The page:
No more styrofoam

Kandetzki's petition secures over 200 supporters

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No more styrofoam

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Every day, whether it’s pizza, fish filet sandwich, or vegetarian tuesday, cafeteria workers serve students their hot lunch the same way: on a styrofoam tray.

That’s around 400 trays thrown out a day, according to Director of Nutrition Allison Goodman.

For Freshman Cora Kandetzki that’s 400 too many.

The cafeteria’s use of styrofoam trays has bothered Kandetzki ever since she was a student at The 4/5 Academy at 5th Avenue.

“[Styrofoam] never goes away, it doesn’t decompose,” she said.

When Kandetzki’s mom suggested she create a petition to spark change, Kandetzki jumped on the idea.

“I thought it would be a good start to get people’s attention and raise awareness,” Kandetzki said.

She was right. The petition exceeded its goal of reaching 200 students, parents, community members, and even out of state environmentalists.

Sophomore Maya Alandete is one of those who signed the petition.

Like Kandetzki, Alandete has noticed the transition from reusable plastic trays to the styrofoam ones in use now.

Alandete has always cared about the environment, and as a member of the environmental club, as well as an avid recycler, she was excited to sign the petition when she found it on Facebook.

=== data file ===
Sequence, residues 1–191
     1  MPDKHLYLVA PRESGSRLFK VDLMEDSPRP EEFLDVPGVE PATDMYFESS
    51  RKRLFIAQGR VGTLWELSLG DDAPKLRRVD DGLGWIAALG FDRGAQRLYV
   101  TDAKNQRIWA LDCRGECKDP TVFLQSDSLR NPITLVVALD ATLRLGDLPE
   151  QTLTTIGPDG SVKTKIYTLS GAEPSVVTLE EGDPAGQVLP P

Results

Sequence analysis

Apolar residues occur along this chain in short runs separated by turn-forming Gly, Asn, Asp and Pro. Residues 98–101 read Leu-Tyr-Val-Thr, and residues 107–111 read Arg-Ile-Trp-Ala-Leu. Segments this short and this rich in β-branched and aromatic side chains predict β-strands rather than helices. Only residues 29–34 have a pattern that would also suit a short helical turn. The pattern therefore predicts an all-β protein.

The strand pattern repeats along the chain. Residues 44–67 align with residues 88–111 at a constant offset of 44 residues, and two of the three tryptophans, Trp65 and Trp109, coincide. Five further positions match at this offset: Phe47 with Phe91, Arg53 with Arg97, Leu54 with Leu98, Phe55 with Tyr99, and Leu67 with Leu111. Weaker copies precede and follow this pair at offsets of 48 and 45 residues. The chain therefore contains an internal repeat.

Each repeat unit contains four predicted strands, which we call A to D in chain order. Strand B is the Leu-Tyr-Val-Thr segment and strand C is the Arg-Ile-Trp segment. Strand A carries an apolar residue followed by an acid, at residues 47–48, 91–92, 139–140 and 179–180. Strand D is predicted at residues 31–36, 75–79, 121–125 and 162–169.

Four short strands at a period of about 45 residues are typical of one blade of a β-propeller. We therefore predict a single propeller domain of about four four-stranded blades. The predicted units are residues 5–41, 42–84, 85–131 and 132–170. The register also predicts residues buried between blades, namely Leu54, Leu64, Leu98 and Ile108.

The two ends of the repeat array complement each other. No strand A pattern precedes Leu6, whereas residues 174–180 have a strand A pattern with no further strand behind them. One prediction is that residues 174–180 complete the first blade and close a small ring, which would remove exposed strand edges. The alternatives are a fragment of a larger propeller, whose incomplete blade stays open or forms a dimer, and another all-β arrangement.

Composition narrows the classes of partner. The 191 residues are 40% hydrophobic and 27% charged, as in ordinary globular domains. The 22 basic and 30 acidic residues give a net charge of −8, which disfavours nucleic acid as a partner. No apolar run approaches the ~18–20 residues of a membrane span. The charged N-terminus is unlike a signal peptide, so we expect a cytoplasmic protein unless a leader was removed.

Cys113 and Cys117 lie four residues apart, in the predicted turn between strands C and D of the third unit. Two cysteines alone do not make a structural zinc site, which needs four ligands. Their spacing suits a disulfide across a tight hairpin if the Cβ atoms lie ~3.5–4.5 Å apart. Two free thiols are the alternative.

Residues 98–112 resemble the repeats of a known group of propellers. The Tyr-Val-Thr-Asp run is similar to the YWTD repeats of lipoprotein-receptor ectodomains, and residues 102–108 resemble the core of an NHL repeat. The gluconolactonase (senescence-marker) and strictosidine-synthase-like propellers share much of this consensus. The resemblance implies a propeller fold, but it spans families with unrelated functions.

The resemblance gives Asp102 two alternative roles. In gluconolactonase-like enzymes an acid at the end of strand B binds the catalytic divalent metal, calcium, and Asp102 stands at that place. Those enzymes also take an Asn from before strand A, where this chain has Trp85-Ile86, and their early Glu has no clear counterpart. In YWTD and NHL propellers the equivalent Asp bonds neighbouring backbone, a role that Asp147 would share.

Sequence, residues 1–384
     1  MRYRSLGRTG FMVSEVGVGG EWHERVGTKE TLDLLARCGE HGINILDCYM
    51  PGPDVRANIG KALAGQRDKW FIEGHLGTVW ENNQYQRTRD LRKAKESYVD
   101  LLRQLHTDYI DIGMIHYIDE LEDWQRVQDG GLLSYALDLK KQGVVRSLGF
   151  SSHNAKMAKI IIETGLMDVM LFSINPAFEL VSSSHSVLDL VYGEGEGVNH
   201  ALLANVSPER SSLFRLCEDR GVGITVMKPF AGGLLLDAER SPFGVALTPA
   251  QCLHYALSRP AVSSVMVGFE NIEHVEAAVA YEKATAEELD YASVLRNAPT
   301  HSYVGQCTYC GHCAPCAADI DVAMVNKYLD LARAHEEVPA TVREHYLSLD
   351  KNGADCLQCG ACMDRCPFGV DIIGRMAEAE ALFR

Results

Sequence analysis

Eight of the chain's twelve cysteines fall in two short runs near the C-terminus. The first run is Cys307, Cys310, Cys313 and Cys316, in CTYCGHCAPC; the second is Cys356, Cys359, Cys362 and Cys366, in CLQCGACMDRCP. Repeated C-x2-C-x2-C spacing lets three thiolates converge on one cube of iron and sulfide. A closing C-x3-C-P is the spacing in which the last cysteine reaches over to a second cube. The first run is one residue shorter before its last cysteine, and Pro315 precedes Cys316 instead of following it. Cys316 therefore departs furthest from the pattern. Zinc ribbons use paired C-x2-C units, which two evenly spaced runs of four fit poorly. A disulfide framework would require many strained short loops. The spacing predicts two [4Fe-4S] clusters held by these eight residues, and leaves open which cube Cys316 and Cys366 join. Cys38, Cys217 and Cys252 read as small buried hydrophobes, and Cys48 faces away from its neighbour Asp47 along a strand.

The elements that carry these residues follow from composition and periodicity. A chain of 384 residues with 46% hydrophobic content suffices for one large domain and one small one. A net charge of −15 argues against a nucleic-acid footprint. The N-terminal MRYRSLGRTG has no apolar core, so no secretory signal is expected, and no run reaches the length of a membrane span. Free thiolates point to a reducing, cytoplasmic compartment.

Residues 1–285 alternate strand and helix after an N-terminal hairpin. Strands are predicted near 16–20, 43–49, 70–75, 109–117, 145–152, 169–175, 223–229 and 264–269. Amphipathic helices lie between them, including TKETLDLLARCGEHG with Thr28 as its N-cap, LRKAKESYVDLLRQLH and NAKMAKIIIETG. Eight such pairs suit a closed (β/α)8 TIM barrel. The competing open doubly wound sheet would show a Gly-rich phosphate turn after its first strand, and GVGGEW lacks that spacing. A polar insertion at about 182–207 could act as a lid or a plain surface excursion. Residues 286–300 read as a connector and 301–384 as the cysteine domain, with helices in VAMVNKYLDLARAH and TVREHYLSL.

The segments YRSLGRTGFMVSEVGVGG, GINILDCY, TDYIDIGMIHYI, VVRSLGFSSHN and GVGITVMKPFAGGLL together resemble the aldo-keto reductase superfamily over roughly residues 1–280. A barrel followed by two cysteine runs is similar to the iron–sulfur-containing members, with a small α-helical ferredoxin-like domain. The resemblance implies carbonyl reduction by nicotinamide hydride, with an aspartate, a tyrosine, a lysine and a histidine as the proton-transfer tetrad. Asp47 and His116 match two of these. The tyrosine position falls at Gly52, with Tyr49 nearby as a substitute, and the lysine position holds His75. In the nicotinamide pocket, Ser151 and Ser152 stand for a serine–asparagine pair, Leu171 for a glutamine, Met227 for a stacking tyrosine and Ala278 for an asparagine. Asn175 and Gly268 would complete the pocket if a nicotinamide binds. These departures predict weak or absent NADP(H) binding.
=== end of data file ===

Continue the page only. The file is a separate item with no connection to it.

Alandete sees the petition as an opportunity to raise awareness about the issue.

“No one notices that styrofoam trays are a problem, and [Kandetzki] recognizing this problem will lead to other people finding solutions,” she said.

Alandete believes it’s the small things that count.

“It’s okay if you don’t do every big thing to change the environment, but the little things you can be conscious about are really important,” she said. For Alandete, this means recycling and trying to bring her lunch.

The petition may not have stopped the use styrofoam trays in the lunchrooms of Decatur yet, but for Alandete, it’s “a really big and powerful first step.”

Although the petition has gained massive support, there are some issues with reusable trays.

According to Goodman, the Director of Nutrition for City Schools of Decatur, the cafeteria started out the 14-15 school year with about 600 trays, but by winter break they had less than 100.

Students threw the trays away, and destroyed the silverware. The cost of “constant replacement” was too high, Goodman said.

For now, The Nutrition Department is considering its options for the future.

“We would love to be able to use compostable lunch trays… but have not been able to find one that is affordable,” Goodman said.

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